Often, those who really care about us when they ask that question end up worrying continuously without knowing how to connect themselves with the educational resources we're offering -- and indeed, often it has been very difficult for us to provide enough support to a person who asks so that they could really come to understand better. Often this is because the person asking has their own levels of severity that also interrupt our ability to connect more consistently so that they can learn the context of our intersections.
And yet, with someone who is experiencing their own invisible severity who asks this question, we are aware that they need to know what we know. And usually we feel that it's crucial to help them understand -- so that they can avoid the worsening and compounding of their own most challenging experiences.
People who ask us this question are usually not aware of how their own circumstances can compound if they do not have the support of an attuned, aware community body.
When we are aware of this, we want to offer every possible support to increase consistency of social contact and relational integrity so that we can all of us help one another better.
Because of the challenging nature of all these elements, many people feel forced to the conclusion that we must be lying to manipulate them, or that we are incapable of communicating accurately or honestly, when we tell them the truth about what we're experiencing.
As you can begin to see from how much we already had to sort-of "lie" with our signals-of-ease in order to be in contact with other people… and how much work we have to do to find a way to engage honorably without outright lying or misleading in our answers to others… it is especially, complexly painful and traumatic to still be called a liar or manipulator by many people anyway.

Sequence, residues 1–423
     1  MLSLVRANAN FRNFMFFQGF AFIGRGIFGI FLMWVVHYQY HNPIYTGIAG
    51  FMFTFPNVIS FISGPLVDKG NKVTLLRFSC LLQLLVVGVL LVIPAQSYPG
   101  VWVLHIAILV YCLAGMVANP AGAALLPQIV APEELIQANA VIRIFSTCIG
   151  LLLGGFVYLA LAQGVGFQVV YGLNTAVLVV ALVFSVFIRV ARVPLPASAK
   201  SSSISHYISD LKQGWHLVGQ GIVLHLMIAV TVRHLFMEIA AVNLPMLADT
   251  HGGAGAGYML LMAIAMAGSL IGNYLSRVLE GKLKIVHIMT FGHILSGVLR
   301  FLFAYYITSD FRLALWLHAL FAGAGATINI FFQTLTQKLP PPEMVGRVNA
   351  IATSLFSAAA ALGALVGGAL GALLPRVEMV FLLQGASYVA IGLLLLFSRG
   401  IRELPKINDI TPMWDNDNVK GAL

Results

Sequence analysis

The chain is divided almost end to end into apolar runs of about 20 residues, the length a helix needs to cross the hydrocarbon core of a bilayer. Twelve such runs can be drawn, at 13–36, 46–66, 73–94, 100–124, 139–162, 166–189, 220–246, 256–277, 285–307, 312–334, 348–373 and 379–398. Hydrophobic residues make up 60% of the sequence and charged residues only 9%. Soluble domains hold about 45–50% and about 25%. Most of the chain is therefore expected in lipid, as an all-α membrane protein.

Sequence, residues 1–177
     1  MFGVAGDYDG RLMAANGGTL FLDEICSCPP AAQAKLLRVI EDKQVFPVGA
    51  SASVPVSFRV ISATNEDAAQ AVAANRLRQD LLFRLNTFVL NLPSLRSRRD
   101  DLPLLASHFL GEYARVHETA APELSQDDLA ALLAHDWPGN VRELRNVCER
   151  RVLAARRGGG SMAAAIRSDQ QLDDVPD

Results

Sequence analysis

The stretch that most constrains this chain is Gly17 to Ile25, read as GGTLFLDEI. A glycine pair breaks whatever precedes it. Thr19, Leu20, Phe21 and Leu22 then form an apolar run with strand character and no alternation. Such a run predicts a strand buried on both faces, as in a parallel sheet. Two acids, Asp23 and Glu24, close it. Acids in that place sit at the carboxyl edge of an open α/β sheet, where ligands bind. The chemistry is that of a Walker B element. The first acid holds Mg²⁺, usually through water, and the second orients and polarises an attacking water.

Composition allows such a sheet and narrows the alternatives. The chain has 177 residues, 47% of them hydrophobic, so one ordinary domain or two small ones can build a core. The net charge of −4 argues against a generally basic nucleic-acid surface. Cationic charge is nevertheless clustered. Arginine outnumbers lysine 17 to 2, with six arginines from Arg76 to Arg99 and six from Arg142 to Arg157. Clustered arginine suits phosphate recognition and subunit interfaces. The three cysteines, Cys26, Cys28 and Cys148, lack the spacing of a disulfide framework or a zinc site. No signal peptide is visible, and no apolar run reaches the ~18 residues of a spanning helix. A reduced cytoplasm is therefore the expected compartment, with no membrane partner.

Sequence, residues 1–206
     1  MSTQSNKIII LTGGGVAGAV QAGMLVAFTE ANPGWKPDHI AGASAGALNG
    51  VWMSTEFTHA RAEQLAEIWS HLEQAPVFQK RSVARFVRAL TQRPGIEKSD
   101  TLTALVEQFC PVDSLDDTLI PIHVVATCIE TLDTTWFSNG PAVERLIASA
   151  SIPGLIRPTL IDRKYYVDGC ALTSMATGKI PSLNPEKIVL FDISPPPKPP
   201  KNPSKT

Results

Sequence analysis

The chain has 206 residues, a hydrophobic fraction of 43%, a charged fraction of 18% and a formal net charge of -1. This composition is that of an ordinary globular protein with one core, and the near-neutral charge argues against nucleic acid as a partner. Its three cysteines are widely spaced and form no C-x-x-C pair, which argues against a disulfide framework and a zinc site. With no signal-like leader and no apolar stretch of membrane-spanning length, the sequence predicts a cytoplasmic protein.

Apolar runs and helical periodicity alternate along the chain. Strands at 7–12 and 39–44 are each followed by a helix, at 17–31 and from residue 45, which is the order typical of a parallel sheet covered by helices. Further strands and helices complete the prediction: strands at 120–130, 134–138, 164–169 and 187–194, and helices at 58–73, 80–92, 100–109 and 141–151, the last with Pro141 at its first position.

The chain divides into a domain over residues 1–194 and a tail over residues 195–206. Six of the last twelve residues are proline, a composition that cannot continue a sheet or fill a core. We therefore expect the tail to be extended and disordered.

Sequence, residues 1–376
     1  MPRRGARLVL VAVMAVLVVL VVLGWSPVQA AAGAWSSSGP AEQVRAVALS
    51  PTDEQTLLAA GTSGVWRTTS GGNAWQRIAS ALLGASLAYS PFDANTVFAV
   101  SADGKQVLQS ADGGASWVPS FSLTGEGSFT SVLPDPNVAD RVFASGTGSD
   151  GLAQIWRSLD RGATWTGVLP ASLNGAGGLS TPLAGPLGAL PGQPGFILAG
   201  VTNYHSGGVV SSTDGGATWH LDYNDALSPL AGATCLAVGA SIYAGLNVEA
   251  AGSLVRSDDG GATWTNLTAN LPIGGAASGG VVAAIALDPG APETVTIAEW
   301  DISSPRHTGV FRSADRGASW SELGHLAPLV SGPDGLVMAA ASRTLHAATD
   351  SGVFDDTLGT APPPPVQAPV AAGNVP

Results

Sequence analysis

People who communicate with survivors the desire to be supportive to them, learn from their experiences, take seriously what they share, and collaborate for solutions in the ways that are possible help significantly to repair the trauma caused by how we have been positioned in society as people who lie for lack of care for others.
What does Intuitive infrastructure do that helps to solve these challenging problems?
By spending time building gentle, supportive, gradual relationships in the spaces we facilitate in the Intuitive network, people can learn about these intersections at a pace that is right for them.
Rather than being intensively confronted, they can interact with us in a way that builds their own strength and relational integrity with people who speak our kinds of languages from our kinds of lived experiences.
This is a very effective and productive kind of learning modality, for which private and public media network resources are required.
(This is why private and public media network resources have previously been entirely prevented for survivors experiencing our intersections, and why we are very mindful about how we build it in order to protect our efforts.)
When we prioritize connecting one another with media privilege for private and public communications, including family communications, emergency communications, and professional platform communications, we are using tool sets that establish much expanded social context to assist all in proximity to more easily absorb more about the real situations everyone is navigating.
When we practice relational integrity with one another in ways that increase our understanding of one another's languages and make it easier to understand the context of one another's challenges, we all become inherently more aware of and protected from the trafficking influences affecting all of us across the board.
Identifying incremental solutions becomes much easier as we practice together.
Ensuring that severely disabled survivors of sex trafficking and related invisible violence are able to make themselves available and accessible to others who want to learn from them makes their lived experiences part of the knowledge and resourcing of the community body.
This radically increases the resilience of that community body, which otherwise is missing significant parts of its strength, wisdom, and vitality.
Co-creating and uplifting artful modalities, creative expressions, meaningful dialogue, and vocational vitality where severely affected trafficking survivors are fully included brings a tremendous amount of otherwise erased healing functions and natural pleomorphisms into the community body who is participating.
This is free energy through relational integrity -- without it, communities just don't know why they are experiencing such hardship, confusion, and suffering.
But when these collective tool sets and infrastructures are implemented, strengthened, and celebrated, all processes and resources of the community body benefit profoundly.
Tune in for more: intuitivepublicradio.substack.com
Mack, signing off.